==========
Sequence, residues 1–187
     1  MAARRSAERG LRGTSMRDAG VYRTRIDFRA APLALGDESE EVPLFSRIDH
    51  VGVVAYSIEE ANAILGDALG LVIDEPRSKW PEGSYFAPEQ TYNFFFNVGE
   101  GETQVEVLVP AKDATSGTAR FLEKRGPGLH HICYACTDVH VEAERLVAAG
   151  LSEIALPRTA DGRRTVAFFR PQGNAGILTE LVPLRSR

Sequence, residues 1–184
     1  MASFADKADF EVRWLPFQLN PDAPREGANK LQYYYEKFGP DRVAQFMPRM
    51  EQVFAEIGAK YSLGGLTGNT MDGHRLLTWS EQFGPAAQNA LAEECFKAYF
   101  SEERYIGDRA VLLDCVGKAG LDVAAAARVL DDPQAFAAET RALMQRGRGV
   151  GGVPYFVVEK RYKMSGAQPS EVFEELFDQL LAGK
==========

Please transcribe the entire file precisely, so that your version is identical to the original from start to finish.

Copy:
Sequence, residues 1–187
     1  MAARRSAERG LRGTSMRDAG VYRTRIDFRA APLALGDESE EVPLFSRIDH
    51  VGVVAYSIEE ANAILGDALG LVIDEPRSKW PEGSYFAPEQ TYNFFFNVGE
   101  GETQVEVLVP AKDATSGTAR FLEKRGPGLH HICYACTDVH VEAERLVAAG
   151  LSEIALPRTA DGRRTVAFFR PQGNAGILTE LVPLRSR

Sequence, residues 1–184
     1  MASFADKADF EVRWLPFQLN PDAPREGANK LQYYYEKFGP DRVAQFMPRM
    51  EQVFAEIGAK YSLGGLTGNT MDGHRLLTWS EQFGPAAQNA LAEECFKAYF
   101  SEERYIGDRA VLLDCVGKAG LDVAAAARVL DDPQAFAAET RALMQRGRGV
   151  GGVPYFVVEK RYKMSGAQPS EVFEELFDQL LAGK